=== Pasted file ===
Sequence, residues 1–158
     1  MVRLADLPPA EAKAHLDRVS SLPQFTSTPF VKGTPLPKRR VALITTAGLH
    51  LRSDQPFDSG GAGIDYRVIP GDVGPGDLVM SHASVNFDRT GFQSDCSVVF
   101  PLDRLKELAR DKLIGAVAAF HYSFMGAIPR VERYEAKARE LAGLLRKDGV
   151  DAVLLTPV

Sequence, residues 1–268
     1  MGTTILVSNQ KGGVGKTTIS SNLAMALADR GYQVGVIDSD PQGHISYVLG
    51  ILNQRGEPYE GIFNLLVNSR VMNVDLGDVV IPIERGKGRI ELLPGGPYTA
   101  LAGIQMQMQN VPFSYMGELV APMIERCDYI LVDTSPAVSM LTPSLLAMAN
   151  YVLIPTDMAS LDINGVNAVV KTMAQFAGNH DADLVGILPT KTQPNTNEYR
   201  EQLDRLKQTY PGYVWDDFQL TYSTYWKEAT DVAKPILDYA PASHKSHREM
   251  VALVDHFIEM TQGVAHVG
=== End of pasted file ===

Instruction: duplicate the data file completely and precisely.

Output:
Sequence, residues 1–158
     1  MVRLADLPPA EAKAHLDRVS SLPQFTSTPF VKGTPLPKRR VALITTAGLH
    51  LRSDQPFDSG GAGIDYRVIP GDVGPGDLVM SHASVNFDRT GFQSDCSVVF
   101  PLDRLKELAR DKLIGAVAAF HYSFMGAIPR VERYEAKARE LAGLLRKDGV
   151  DAVLLTPV

Sequence, residues 1–268
     1  MGTTILVSNQ KGGVGKTTIS SNLAMALADR GYQVGVIDSD PQGHISYVLG
    51  ILNQRGEPYE GIFNLLVNSR VMNVDLGDVV IPIERGKGRI ELLPGGPYTA
   101  LAGIQMQMQN VPFSYMGELV APMIERCDYI LVDTSPAVSM LTPSLLAMAN
   151  YVLIPTDMAS LDINGVNAVV KTMAQFAGNH DADLVGILPT KTQPNTNEYR
   201  EQLDRLKQTY PGYVWDDFQL TYSTYWKEAT DVAKPILDYA PASHKSHREM
   251  VALVDHFIEM TQGVAHVG